New EPO Guidelines now published regarding amending the description: what’s all the fuss about?

Europe

Introduction

In October 2020, CMS published an article ‘New EPO Guidelines expected regarding amending a description: what’s all the fuss about?’, which has been the catalyst for discussion in the profession about the potential impact of the expected Guidelines. Since then, the discussion has gathered momentum and the new practice now is being considered by a number of key professional IP-related groups, particularly in the life sciences area where much of the concern has originated. Since the description is used to interpret the claims, how the description is amended can have a significant impact on claim interpretation in post-grant opposition and national litigation proceedings, and so this change clearly has importance to Patentees.

Whereas, at the time of our earlier article, our review was based on information from the EPO Legal Division and a change in observed EPO Examiner practice, the EPO has now published a draft of the new Guidelines and so the previous expected changes can now be confirmed. As anticipated in our earlier article, ‘take-home’ messages are that:

  1. The EPO requirement to amend the description to conform with allowed claims is changing significantly. The Guidelines will come into effect on 1 March 2021.

  2. Key changes include the requirement to delete embodiments not covered by the claims or prominently state this subject-matter as not being part of the invention.

  3. It is not sufficient to use generic statements such as "embodiments not falling under the scope of the appended claims are to be considered merely as examples suitable for understanding the invention" without indicating which parts of the description are no longer covered.

  4. Merely changing the wording "invention" to "disclosure" and/or the wording "embodiment" to "example", "aspect" or similar is not sufficient to clearly state that this part of the description does not fall under the scope of the claimed invention. It has to be explicitly specified that this part of the description does not describe part of the claimed invention.

At present, there is no requirement for an Applicant to make positive statements in the description regarding the scope of the claim. The implications of such positive statements at a national level when interpreting the claim or when considering claim scope under any applicable Doctrine of Equivalence is not known and cannot be reliably predicted. It already is known that at least the UK, France and Germany have differing approaches to the Doctrine of Equivalence and so any new language added to the specification can be expected to have a potentially different impact in these territories. The ability to amend such positive statements at a national level in the light of later obtained expert evidence also is not known. The new Guidelines and practice therefore can be expected to bring new challenges and uncertainties to Applicants when prosecuting patent applications before the EPO.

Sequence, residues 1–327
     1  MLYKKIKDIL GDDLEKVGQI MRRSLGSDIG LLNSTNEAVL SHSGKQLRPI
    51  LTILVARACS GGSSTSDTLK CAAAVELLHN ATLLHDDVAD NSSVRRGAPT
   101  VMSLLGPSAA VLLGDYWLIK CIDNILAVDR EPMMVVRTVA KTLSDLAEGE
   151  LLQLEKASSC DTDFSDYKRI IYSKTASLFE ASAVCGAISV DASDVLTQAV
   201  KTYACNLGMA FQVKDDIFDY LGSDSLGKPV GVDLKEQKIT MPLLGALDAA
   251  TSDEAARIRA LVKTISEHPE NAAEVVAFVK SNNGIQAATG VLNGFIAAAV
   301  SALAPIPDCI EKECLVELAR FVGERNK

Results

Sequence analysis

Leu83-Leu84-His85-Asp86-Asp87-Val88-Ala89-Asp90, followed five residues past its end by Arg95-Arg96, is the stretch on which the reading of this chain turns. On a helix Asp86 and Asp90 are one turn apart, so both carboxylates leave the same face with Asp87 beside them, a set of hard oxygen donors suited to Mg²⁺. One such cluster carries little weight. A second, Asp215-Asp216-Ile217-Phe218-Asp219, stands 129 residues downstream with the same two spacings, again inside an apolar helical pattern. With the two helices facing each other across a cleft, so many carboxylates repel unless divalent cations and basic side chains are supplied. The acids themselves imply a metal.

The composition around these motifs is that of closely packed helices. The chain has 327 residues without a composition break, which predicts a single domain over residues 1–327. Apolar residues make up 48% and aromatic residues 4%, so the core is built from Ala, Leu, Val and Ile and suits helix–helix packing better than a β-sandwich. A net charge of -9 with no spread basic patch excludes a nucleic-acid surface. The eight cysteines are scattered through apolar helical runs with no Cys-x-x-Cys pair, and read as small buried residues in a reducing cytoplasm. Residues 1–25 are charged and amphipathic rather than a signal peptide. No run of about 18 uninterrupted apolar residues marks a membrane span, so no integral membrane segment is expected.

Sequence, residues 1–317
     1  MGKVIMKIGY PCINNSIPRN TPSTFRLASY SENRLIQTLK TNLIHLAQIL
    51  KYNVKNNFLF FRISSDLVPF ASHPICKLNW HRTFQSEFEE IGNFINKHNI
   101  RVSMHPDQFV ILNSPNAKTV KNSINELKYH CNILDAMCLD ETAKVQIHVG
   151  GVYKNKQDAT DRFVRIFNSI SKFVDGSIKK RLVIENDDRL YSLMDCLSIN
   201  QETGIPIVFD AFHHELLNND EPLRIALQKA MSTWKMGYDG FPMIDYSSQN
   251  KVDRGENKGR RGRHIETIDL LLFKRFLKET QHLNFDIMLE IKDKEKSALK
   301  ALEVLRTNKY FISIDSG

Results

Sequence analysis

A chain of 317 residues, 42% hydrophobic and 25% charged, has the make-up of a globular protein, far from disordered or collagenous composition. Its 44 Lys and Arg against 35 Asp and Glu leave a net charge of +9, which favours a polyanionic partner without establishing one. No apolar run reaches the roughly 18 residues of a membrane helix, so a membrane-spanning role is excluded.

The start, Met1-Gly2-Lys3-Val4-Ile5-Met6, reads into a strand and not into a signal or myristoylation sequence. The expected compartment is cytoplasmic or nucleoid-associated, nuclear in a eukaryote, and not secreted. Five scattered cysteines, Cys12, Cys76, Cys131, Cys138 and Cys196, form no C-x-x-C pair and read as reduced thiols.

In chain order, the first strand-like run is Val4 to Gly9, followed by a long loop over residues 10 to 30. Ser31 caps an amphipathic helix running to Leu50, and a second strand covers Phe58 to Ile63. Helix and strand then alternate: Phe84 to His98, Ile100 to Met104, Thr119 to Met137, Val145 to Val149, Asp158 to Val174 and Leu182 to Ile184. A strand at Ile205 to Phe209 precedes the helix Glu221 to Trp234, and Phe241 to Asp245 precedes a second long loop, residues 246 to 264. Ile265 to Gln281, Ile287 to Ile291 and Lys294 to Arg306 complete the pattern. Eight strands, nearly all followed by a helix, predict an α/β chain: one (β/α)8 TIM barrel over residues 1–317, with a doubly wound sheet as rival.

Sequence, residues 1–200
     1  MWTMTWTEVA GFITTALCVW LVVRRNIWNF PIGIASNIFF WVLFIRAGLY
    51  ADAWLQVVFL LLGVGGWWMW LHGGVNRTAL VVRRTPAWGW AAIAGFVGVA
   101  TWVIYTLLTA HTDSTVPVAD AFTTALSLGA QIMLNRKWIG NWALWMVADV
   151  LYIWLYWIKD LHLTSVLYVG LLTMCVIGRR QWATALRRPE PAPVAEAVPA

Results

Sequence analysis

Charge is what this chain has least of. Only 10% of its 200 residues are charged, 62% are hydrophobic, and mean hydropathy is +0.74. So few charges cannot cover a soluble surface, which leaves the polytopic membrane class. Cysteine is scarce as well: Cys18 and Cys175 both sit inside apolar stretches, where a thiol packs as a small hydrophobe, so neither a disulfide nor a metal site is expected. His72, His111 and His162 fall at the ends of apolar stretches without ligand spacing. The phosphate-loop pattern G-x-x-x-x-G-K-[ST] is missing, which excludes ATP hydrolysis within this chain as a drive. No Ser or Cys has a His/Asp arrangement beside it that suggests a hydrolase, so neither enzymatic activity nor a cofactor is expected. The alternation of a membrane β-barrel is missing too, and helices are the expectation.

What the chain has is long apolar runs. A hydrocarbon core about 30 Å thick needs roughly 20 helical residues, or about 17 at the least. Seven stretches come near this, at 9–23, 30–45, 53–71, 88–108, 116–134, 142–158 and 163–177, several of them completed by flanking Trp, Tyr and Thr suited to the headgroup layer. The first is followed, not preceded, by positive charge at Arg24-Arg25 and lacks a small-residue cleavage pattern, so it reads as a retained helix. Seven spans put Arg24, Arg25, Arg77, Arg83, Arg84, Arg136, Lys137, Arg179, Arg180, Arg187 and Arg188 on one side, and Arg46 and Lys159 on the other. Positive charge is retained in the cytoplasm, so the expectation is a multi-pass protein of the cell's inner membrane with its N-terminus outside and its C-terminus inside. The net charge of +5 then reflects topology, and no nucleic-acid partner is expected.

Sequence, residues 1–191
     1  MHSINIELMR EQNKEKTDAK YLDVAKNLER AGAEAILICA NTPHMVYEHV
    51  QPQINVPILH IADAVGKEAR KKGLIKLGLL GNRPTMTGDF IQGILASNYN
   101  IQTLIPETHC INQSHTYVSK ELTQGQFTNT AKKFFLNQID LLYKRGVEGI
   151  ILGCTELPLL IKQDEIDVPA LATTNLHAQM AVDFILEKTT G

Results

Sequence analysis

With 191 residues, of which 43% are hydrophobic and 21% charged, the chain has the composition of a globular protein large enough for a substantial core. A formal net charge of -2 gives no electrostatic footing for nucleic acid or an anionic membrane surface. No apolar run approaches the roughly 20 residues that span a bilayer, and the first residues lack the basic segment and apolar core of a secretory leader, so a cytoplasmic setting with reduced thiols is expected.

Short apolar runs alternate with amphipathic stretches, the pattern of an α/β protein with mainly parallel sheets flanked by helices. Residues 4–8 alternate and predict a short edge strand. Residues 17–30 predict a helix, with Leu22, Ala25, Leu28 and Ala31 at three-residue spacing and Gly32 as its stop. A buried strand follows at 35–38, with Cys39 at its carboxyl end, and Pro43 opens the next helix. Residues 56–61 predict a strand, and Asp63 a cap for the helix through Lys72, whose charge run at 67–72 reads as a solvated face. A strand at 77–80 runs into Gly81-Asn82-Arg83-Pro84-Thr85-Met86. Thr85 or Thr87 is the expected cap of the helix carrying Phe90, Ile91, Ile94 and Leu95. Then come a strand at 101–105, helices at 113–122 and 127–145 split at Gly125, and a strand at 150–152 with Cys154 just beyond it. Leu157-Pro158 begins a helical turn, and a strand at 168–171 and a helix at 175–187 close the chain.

Unclear basis for the Guidelines

There are still unanswered questions around why the Guidelines have been changed. In particular, the only EPO Board of Appeal decision newly referenced in the Guidelines (T1808/06) is a decision from 2008 i.e. 13 years ago. Moreover, whilst this decision appears to align with current EPO Guidelines and practice relating to amending the description, it is not clear how the changes mentioned above are occasioned by this decision.

Current EPO Guidelines state that any “inconsistency” between the description and the claims must be avoided if it may throw doubt on the extent of protection and therefore render the claim unclear or unsupported under Article 84 EPC. However, the Guidelines further state that, if examples and technical descriptions of apparatuses, products and/or methods in the description and/or drawings which are not covered by the claims are presented not as embodiments of the invention but as background art or examples useful for understanding the invention, the retention of these examples may be allowed. Thus, the Guidelines explicitly indicate that if subject-matter is not presented as an “embodiment”, then the subject-matter may be retained. Consistent with this, current practice thus allows changing the wording "invention" to “disclosure” and/or the wording "embodiment" to "example", “aspect” or similar in passages in the description in order to remove any perceived “inconsistencies” that might exist between the description and the claims so that the subject-matter may be retained.